Although I’m a city dweller, I’ve always been drawn to the wide-open spaces and peaceful beauty that can be found in America’s National Park Service sites. Last summer I planned a trip to two US National Parks, and decided to camp out as opposed to staying in a lodge or hotel. Although I was a first time camper in US National Parks it was easy, economical and fun way to experience the parks.
Most US National Park sites offer two types of camping facilities: front- and back-country campsites. A front-country site is in an organized campground within a park, and the site can be accessed by car or RV. Back-country sites are generally out in the wilderness and away from roads and service facilities. As a first time camper, I opted for the safety and convenience of a front-country site.
In retrospect I packed far too much camping equipment for this trip and didn’t use most of it. Again, a typical first time camper mistake! If I had it to do over, I would have focused on just a few essentials in addition to my clothes and food for the week:
There are also some things you should leave at home:
I began my trip by heading to the Badlands National Park, located in South Dakota. Badlands NP offers two separate campgrounds ‚Äì Sage Creek Campground in the northwest part of the park, and Cedar Pass Campground in the southwest part. I chose to stay at the Cedar Pass Campground because it provides additional services that make camping easier. It has running water, flush toilets, paid showers, and covered picnic tables.
Cedar Pass also offered another advantage – a great view of the badlands formations and of the sunrises and sunsets. The colors were absolutely amazing and vibrant. I was able to capture several great photos from right outside my tent.
The other thing I liked about this location is that it was very central to the areas I wanted to visit. Walking and hiking trails were just a few minutes away, meaning that I didn’t have to spend a lot of time getting to the right places to do stuff.
After of a couple exciting and beautiful days in the Badlands, it was time to move toward my ultimate destination: Yellowstone National Park.
For the duration of my stay at Yellowstone, I chose to stay at the Canyon Village Campground. Canyon Village is located close to the Yellowstone River and the Grand Canyon of Yellowstone and is in the southern part of the Grand Loop. The Village also has many restaurants, a full-service gas station, and multiple shops where you can find souvenirs, supplies and groceries. Campers also have access to showers and washing machines‚ both of which came in handy for me.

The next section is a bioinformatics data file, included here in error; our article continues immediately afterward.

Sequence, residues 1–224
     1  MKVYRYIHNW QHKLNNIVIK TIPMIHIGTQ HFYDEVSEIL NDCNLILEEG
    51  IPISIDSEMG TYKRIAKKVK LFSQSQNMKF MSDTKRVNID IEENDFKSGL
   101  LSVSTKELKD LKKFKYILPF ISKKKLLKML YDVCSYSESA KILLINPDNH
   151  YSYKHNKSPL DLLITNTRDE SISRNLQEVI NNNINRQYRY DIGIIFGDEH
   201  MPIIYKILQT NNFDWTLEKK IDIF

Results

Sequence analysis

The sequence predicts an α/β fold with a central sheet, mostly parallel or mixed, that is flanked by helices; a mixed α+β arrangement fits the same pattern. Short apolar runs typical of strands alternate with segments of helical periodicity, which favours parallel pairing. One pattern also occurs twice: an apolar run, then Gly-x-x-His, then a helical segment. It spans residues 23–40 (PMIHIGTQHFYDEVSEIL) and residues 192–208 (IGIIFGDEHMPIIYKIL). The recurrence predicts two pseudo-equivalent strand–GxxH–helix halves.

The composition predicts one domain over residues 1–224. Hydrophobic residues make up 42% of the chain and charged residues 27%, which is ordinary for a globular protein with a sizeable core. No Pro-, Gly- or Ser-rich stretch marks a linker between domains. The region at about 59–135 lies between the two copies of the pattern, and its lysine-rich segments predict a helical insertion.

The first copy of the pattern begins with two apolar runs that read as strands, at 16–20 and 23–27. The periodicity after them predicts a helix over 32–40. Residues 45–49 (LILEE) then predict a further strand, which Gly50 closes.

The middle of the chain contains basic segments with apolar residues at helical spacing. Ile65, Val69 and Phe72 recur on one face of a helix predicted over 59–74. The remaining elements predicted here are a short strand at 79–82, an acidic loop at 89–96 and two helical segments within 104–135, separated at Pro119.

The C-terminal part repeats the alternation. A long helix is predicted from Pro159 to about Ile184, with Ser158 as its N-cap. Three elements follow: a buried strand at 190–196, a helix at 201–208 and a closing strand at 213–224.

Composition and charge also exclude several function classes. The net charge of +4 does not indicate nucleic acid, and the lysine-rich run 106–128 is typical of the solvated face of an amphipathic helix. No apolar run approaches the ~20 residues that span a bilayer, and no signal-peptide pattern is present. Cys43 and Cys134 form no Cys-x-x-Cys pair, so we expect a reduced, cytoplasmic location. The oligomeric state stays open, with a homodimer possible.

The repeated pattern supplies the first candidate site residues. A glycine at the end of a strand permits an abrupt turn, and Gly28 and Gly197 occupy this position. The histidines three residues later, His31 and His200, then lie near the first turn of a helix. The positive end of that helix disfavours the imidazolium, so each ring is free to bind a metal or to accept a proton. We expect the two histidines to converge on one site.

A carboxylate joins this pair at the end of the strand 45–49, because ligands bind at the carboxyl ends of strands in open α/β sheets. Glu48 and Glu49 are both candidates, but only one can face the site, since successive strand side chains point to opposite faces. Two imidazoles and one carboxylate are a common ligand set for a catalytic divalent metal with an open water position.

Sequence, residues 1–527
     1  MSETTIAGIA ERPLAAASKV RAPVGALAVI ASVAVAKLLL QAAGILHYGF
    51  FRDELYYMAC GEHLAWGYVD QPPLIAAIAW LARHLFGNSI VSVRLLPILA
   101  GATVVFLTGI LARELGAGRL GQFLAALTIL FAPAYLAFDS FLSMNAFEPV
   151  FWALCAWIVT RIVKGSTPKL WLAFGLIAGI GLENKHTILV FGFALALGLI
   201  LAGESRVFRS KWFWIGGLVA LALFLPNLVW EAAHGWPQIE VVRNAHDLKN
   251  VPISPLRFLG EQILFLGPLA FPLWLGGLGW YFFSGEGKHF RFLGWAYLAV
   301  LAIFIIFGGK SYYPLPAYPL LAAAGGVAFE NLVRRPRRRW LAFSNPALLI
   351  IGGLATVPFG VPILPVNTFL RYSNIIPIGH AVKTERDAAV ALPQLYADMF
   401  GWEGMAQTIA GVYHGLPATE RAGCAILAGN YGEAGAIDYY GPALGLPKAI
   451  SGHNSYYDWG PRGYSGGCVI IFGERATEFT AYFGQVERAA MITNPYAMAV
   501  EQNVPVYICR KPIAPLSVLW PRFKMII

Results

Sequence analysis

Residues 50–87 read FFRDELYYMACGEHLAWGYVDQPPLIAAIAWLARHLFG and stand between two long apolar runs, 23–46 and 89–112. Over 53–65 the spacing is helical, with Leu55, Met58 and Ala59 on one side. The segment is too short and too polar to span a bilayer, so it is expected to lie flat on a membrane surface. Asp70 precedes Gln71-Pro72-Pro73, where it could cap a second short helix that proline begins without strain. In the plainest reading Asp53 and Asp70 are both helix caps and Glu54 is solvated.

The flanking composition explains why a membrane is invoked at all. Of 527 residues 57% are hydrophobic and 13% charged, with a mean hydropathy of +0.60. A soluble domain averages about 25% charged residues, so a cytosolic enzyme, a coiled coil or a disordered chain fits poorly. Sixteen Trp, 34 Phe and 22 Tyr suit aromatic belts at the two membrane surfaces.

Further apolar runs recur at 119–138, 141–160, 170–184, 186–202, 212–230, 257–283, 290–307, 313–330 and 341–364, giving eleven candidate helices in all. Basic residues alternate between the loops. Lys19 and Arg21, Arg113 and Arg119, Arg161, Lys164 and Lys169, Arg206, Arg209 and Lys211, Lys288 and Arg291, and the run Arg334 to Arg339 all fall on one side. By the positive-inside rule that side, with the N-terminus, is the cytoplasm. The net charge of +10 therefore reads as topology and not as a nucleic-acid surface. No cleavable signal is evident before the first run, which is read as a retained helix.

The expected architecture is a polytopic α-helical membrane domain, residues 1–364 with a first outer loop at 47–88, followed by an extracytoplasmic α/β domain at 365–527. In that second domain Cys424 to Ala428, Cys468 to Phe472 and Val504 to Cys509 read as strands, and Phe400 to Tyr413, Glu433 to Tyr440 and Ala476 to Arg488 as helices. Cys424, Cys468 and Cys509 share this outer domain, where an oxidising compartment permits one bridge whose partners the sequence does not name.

The Canyon Village area was an excellent location for me, because I wanted to spend a lot of time exploring the Grand Canyon of Yellowstone. Its also very easy to get from the Village to the Norris Geyser Basin, Old Faithful, Lake Yellowstone, and many of the other iconic spots in the park. There are other camping sites in the park, but I’d probably end up staying here again if I ever return.
One thing I wasn’t prepared for was the overnight temperatures in Yellowstone. I should have checked the weather forecasts and seasonal temperatures, but I didn’t think about it. On two separate mornings I woke up at 4AM feeling like I’d slept in a deep-freezer. I couldn’t get warm, and ended up sleeping the rest of the morning in my car. Next time I’ll pack a heavier-duty sleeping bag. Have I mentioned first time camper mistakes before?
I had a wonderful trip and learned a lot about camping during my time out west. If I ever get back out that way, I’ll definitely consider camping out again – maybe even in a back-country site this time!
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Good information, thanks! My mom and I keep talking about taking my daughter’s camping, but are intimidated by the getting started process. Thanks for the help. 😀
You bet…I hope this helps you get started with camping, cuz it’s really fun!
This is perfect information for myself. I’l be travelling to the National Park this summer and I was planning to camp there. I already made a note of all these info.
Great, I hope it helps you, and I hope you have a wonderful trip!
I’d love to camp in many national parks so this guide is so helpful! Yellowstone is only bucket list, so this is a great guide! Thanks
This is so helpful, thank you! I will be traveling to Arizona in May, hopefully I will get to put some of these to use!
Oh great – I hope you have a wonderful trip!
Great post and agree with the things to leave at home – still got to practice especially taking less clothes along! Bear spray is new to me but need to look into it before heading camping in US, wouldn’t want a close encounter with one of them 🙂 Thanks for sharing!
Glad you enjoyed it! About the bear spray – the national parks make a big deal of it…you’ll see posters and signs everywhere. If you’re careful and cautious the chance of an encounter is low, but you always want to be prepared!
Camping in national parks is one of the things I often do in Finland. The post should be helpful for the new campers.